Post reader Helen I. Francis should have included astrology in her accurate assessment of the much publicized "harmonic convergence" as a "bunch of cosmic, cultic horseradish" {Free for All, Aug. 22}. But since when can a self-anointed astrologer give lessons in the true science of astronomy to a professional astronomer?

Leroy Doggett of the U.S. Naval Observatory might have pointed out that the charts and calculations of astrologers bear no relationship to the true orbital positions of the planets but like "psychic" predictions are couched in the broadest possible terms in order that wide interpretations may be made.

Among hundreds of totally negative test findings made over many years, I might remind Francis of the massive scientific study of French citizens made by researcher Albert Gauqulien, who compared the astrological charts of 50,000 persons with their lives over a 10-year period subsequent to charting only to find no correlation at all between lives and predictions.

A more recent test involving 30 American and European astrologers alleged to be the best in the business was conducted by Shawn Carlson at the University of California. The tests utterly failed to prove the contentions of the participating astrologers that they could predict futures by reading so-called natal charts for 116 clients. As was to be expected, the astrologers had their cop-outs ready, calling the tests biased -- in spite of their having approved all test criteria beforehand. Such is the tenacity of the true believer.

The well-known psychic debunker and professional magician James Randi, writing in his book "Flim-Flam," labels astrology one of the oldest claptrap philosophies known to mankind, with more than 20,000 astrologers currently taking money from credulous suckers. I also note that the well-known 20-year veteran astrologer John Townley was quoted in Astro-Talk of May/June 1986 as saying that 90 percent of all astrologers are charlatans.

Those who are seeking the "great truths" will not find them in the sort of metaphysical hogwash being peddled by such as Jose Arguelles, Shirley MacLaine or guru Maharishi Mahesh Yogi. But they may enlighten themselves through a devotion to the sciences, instead of allowing themselves to be driven over the cliff like human lemmings by self-anointed prophets out for the fast buck.

-- William H. Watkins Not So Swell Since television (including network news anchors), radio and popular magazines are failing miserably in their responsibility to maintain standards of good grammar, the ultimate defender of good English usage in this country is the newspaper editor.

Because of its large, broadly based readership, its acknowledged influence on public opinion and its stable of prominent writers, The Post should be a leader in the defense of good grammar and should be setting a consistently good example.

For this reason, I hasten to call your attention to examples of bad grammar that should never have survived the editor's pencil in recent issues.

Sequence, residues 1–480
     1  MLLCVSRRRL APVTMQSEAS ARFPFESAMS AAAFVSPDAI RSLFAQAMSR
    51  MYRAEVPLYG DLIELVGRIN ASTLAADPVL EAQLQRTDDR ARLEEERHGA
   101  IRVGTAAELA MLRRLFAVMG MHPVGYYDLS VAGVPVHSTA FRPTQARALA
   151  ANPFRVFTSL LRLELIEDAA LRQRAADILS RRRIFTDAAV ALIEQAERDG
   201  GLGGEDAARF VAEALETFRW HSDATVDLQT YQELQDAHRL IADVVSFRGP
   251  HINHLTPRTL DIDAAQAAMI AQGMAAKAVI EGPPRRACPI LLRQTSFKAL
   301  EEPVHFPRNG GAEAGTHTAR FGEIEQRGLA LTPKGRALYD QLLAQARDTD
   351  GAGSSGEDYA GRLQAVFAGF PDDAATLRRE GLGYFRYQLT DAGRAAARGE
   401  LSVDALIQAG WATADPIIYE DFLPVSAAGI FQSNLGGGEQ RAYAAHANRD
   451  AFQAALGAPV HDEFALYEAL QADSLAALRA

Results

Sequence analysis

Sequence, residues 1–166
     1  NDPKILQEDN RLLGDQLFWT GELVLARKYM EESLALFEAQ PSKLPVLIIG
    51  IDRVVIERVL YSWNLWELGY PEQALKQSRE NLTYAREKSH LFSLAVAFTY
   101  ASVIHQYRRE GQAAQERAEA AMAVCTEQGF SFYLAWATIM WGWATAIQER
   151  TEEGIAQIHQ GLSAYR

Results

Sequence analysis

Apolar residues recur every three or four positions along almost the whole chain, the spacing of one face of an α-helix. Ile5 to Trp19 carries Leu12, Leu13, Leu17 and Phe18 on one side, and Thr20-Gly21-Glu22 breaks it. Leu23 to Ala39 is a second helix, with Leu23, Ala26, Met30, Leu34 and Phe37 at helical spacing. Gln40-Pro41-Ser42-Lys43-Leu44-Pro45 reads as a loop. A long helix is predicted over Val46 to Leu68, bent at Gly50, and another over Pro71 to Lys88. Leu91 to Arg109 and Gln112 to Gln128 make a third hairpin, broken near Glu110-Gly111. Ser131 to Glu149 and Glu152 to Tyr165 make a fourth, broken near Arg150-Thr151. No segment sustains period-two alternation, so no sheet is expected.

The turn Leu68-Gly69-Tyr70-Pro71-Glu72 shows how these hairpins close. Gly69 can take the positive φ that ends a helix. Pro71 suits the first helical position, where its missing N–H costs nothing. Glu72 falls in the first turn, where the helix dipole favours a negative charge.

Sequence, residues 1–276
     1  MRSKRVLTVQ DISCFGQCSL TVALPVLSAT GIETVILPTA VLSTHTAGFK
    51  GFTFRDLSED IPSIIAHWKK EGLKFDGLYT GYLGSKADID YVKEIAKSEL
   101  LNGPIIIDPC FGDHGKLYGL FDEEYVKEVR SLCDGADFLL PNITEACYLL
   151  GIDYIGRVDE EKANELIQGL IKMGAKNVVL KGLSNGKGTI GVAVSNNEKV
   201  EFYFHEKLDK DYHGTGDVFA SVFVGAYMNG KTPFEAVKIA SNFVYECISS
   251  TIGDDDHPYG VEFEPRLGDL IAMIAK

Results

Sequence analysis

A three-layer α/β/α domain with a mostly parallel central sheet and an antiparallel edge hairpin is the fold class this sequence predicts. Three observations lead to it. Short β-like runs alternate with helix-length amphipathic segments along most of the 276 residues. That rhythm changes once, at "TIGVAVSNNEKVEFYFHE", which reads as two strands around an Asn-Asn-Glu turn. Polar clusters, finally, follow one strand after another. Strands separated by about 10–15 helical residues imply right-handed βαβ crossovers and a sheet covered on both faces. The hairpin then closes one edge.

1. Sports: "Wade said . . . there had been a misunderstanding between he and Nevin. . . . " He is the object of a preposition; the correct word to use in this position is him.

2. Entertainment/AP wire story: ". . . the high-rated daytime serial." I suspect you might agree that highly rated would be the better choice.

3. Sports, again: ". . . Kleine has a swelled right knee." I hope you'll agree that using a swelled instead of a swollen is not so swell, even if some dictionaries may indicate both forms of the participle are correct.

I could continue, but I won't. I'll simply close by pointing out that many of the people who read your newspaper every day -- especially the thousands of young people who read the sports and entertainment pages -- learn from what they read. If, unsuspectingly, they encounter poor grammar, they'll soon be using that same bad stuff when they talk and write.

-- Arthur P. Brigham Guadalcanal, Not Guadalcanal Yes, the dropping of the final e in employee bothers me. And, yes, I find your punning headlines atrocious. Allow me to point out another annoying Post habit:

It's the Achille Lauro, not the Achille Lauro; Challenger rather than Challenger; and Guadalcanal instead of Guadalcanal.

The Post's practice of not italicizing ships' names lessens their majesty and makes it easy to lose the name in the paragraph.

I was always taught that such names should be italicized. All my style books agree.

What's the problem here? -- Scott P. Cook They Don't Have X-Ray Vision Sen. Robert Byrd and Gov. Gerald Baliles may be noteworthy politicians, but they'd have to be supermen to see the view from Old Rag Mountain described in The Post {Metro, Aug. 16}.

Old Rag stands alone just east of the chain of mountains known as the Blue Ridge and rewards hikers with commanding views of the Hughes River Valley and the Piedmont Plateau. The Shenandoah Valley lies 10 miles west, beyond the Blue Ridge. It is hidden from the eyes of mere mortals who, alas, do not have X-ray vision. -- Jeff Bonar